Yesterday, in a fascinating display of technological innovation, Meta revealed plans to increase its emphasis on artificial intelligence (AI) and the development of custom processors. During a virtual event, Alexis Bjorlin, VP of Infrastructure at Meta, emphasized the company’s vertical integration approach to advancing AI research at scale.
Despite being a relative latecomer in adopting AI-friendly hardware systems, Meta has taken deliberate steps to enhance its AI capabilities. Over the past decade, the company has invested billions in AI talent and technology, utilizing AI for various services, including content moderation, discovery engines, and advertising recommenders.
Nevertheless, the past was marred by setbacks. Meta’s custom chip for accelerating AI algorithms, slated for a 2022 launch, was shelved, prompting the company to pivot towards Nvidia GPUs. Several data centers required extensive modifications due to this transition.
Meta now intends to regain control by developing its chip, Meta Training and Inference Accelerator (MTIA), with a 2025 release date. The MTIA is a component of Meta’s effort to create a suite of processors optimized for AI training and inference workloads. The MTIA, based on an ASIC design, enables the concurrent execution of multiple duties, thereby enhancing efficiency.
Bjorlin emphasized the importance of MTIA in obtaining greater efficiency and performance across their most important workloads. This action aligns Meta with other tech titans such as Google, Amazon, and Microsoft, who have also employed custom AI chips to enhance their AI capabilities.
The MTIA is believed to significantly improve Meta’s performance per watt when executing recommendation workloads, even though memory and networking still have space for improvement.
In parallel, the Research SuperCluster (RSC), a supercomputer dedicated to research, drives Meta’s AI research initiatives. Built-in collaboration with Penguin Computing, Nvidia, and Pure Storage, the RSC is Meta’s response to its competitors’ supercomputing efforts.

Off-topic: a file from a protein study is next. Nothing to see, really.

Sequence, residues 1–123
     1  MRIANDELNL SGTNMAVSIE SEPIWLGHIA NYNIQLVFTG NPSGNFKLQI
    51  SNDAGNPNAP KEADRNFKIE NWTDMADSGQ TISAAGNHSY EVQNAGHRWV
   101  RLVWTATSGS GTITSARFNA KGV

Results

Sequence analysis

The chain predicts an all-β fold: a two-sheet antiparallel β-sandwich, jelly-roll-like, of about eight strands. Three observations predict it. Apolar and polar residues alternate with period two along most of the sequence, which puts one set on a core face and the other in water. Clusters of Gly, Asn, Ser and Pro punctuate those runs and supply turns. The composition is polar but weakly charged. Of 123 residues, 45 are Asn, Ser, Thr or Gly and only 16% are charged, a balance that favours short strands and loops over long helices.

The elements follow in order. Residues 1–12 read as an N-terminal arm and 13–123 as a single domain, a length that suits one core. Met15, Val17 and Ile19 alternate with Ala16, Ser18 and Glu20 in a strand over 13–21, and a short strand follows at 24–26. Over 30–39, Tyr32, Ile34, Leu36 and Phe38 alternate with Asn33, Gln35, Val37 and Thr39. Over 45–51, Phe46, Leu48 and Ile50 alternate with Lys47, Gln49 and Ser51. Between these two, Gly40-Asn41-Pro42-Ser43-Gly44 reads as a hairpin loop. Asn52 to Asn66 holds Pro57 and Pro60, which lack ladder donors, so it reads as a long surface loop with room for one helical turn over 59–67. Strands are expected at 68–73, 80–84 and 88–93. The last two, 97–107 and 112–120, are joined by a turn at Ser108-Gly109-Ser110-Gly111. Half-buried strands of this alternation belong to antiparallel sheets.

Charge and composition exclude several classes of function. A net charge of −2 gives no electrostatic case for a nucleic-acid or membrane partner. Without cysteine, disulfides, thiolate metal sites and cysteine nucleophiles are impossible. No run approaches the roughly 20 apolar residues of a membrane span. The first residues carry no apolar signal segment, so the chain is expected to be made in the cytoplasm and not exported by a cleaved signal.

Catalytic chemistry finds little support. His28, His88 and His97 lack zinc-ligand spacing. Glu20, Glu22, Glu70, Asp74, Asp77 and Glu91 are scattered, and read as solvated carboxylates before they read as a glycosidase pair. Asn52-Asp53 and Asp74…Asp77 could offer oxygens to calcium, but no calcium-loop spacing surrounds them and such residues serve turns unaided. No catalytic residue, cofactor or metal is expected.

The RSC is a training platform for researchers to create models based on examples from Meta’s production systems. It is among the world’s most powerful supercomputers, with nearly five exaflops of computing capacity. The RSC was instrumental in training “Large Language Model Meta AI” (LLaMA), one of Meta’s large language models.
Meta Scalable Video Processor (MSVP), a chip designed to handle video-on-demand and live broadcasting, was also revealed in the announcement made today. This change is in response to an increase in Facebook video consumption, which accounts for half of the app’s total utilization time.
Overall, these hardware advancements emphasize Meta’s urgent efforts to expedite the development of generative AI capabilities. With Goldman Sachs predicting a $150 billion market for generative AI software, even a fraction of this market could compensate for Meta’s losses in other areas, such as augmented reality headsets and VR platforms.
Meta’s strategic shift towards AI and custom processor development is an aggressive move to maintain its competitive position in the digital landscape. Time will tell whether these initiatives can produce the transformative results that Meta envisions.